[Seaside] Options for persistence when using Seaside
stephan at stack.nl
Fri May 15 20:16:57 UTC 2009
Ok, here is a first draft. Please send me (or to the list)
- other possible solutions
- other scenario's
- other questions that are relevant to make a good decision
- sample code
- information on reference implementations
- answers to the questions in the doc.
I'll summarize and try to create a similar document to the pdf one.
Stephan at stack dot nl
Options for persistence when using Seaside
When building an application with Seaside, one often has a need to
There are a lot of different technological solutions for this problem.
This document should help you decide what is the right solution for you.
The number of different possible solutions is large:
- do nothing, simply save the image
- write binary files with objects
- write SIXX, smalltalk interchange xml
- use imagesegments
- use a prevayler-like solution
- use an OODB
- use an ORM to a RDB
- store in the cloud
Seaside is available on a number of different platforms.
Not all persistence solutions are available on all platforms.
It is useful to make a breakdown into:
- operating system/version (Windows, Mac OS X, Linux, etc.)
- smalltalk platform (Squeak, Pharo, Gemstone, VW, VA, Dolphin, etc.)
- versions supported
Each persistence solution has different performance characteristics.
How many objects can be handled on what hardware, how many
updates can be handled/second, how many simultaneous users
can be supported.
Clustering/ automatic fail-over etc.
In different situations, there are different storage needs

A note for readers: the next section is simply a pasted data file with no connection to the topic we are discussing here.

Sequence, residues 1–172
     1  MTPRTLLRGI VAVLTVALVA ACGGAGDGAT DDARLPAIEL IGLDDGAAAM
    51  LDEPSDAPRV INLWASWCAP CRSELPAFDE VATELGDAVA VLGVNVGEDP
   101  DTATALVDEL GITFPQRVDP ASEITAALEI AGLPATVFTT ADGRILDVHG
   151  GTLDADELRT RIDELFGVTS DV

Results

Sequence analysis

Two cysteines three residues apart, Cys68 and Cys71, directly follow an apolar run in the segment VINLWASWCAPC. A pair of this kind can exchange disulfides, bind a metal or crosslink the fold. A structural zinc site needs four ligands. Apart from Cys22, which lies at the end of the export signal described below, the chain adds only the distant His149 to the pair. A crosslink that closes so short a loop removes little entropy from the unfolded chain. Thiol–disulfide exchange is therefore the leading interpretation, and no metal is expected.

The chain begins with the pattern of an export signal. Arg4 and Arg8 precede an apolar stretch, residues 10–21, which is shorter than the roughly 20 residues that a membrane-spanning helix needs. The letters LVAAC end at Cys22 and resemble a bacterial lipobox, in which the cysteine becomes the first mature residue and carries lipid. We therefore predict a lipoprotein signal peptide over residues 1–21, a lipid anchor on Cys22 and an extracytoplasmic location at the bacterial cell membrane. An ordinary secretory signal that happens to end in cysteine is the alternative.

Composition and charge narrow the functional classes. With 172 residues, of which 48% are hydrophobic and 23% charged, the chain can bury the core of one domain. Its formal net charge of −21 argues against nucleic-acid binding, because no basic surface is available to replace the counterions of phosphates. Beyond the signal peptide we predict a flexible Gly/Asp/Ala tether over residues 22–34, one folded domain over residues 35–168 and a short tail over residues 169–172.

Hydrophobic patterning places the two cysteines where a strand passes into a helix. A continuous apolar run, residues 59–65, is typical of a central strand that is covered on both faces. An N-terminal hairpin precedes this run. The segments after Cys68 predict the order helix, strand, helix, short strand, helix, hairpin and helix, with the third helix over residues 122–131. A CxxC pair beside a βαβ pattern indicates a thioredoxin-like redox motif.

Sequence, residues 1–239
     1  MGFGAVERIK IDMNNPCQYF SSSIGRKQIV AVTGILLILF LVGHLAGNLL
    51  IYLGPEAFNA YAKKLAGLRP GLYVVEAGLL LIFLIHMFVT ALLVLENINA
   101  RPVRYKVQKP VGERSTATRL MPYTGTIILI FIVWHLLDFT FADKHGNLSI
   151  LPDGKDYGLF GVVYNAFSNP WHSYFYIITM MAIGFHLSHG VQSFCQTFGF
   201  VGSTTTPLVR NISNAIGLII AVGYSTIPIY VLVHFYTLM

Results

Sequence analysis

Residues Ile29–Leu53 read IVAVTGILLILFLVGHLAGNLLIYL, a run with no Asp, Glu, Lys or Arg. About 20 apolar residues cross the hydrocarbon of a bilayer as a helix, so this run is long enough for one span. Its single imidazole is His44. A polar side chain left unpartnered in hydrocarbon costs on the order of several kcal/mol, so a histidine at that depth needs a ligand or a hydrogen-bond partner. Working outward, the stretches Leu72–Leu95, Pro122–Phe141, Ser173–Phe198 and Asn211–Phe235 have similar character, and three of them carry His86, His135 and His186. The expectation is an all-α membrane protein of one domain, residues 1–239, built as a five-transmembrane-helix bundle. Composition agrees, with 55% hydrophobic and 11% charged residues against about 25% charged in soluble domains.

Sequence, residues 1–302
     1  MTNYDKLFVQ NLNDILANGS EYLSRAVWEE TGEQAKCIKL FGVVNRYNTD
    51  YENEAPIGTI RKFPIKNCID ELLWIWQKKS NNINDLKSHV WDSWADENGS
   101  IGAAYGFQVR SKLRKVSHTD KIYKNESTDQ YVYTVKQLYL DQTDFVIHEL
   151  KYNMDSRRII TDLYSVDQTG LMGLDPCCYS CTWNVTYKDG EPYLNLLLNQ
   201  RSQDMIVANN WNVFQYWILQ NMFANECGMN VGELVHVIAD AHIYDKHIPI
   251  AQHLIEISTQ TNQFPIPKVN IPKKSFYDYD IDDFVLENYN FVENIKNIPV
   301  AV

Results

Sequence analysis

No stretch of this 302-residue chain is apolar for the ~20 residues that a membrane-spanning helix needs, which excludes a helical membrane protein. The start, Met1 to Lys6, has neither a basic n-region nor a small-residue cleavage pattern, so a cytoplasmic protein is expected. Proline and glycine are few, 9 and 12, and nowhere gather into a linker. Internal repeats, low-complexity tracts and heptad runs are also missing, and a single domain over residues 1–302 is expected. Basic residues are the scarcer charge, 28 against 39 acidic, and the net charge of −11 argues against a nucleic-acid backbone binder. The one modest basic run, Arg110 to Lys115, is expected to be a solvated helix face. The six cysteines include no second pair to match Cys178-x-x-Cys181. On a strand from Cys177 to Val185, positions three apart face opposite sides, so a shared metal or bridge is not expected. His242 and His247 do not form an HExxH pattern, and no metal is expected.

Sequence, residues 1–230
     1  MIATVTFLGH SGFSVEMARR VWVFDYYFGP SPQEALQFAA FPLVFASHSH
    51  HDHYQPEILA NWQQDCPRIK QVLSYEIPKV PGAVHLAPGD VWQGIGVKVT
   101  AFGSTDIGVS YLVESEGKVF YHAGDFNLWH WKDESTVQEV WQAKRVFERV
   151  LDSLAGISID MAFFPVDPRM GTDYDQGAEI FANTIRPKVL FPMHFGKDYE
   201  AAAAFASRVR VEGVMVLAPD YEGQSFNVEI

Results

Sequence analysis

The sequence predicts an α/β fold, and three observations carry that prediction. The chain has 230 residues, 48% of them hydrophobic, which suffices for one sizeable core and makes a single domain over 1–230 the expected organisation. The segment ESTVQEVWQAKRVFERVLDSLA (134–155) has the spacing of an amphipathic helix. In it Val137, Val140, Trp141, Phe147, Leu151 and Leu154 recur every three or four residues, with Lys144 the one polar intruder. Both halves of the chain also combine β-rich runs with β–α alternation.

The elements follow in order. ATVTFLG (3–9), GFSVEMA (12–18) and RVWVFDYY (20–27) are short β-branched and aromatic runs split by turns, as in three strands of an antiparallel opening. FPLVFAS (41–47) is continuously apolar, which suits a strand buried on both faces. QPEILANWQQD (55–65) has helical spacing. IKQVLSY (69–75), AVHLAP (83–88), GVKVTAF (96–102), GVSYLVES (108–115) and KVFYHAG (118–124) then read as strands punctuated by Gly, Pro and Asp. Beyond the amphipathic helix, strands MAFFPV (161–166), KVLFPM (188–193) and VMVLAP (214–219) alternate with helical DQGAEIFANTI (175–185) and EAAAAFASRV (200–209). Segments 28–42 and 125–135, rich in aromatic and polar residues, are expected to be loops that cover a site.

1 You are writing a small demonstration program to show your customers,
and want to populate the system with some representative data.
- Add a class instance variable to store the instances, and simply
save the image.
2 You have a small system with a few hundred/thousand objects,
and are not dependent on external systems.
- A prevayler-like system like SandstoneDB might be a perfect fit.
Each object save means a disk access,
so scaling ends with disk speed.
A few old versions of the data are kept around,
so backing up or reverting is easy.
- If you want a readable representation, SIXX might help.
3 You have a legacy (relational) database, with extensive reporting
written for it.
- Use an ORM
4 You have a complex and large object model that has to
support changing the object model while developing.
- the solution is an OODB
- Gemstone is the large and proven commercial offering.
It has a free version for smaller databases
(4GB data, 1 core, 1G ram), and has proven
scalability to 500 machines.
- Magma is an open source OODB
Keep data in the image
On the class side, add an instance variable:
ADPerson class instanceVariableNames: 'persons'
Add an accessor
persons ^persons ifNil: [persons := IdentitySet new]
Make it possible to empty the dataset
reset persons := nil
Create a new entity and add it to the dataset
person := ADPerson new.
person lastName: 'Jansen'.
ADPerson persons add: person
Goods backend for SandstoneDB: http://www.squeaksource.com/SDGoodsStore
Magma mailing list: http://lists.squeakfoundation.org/pipermail/magma/
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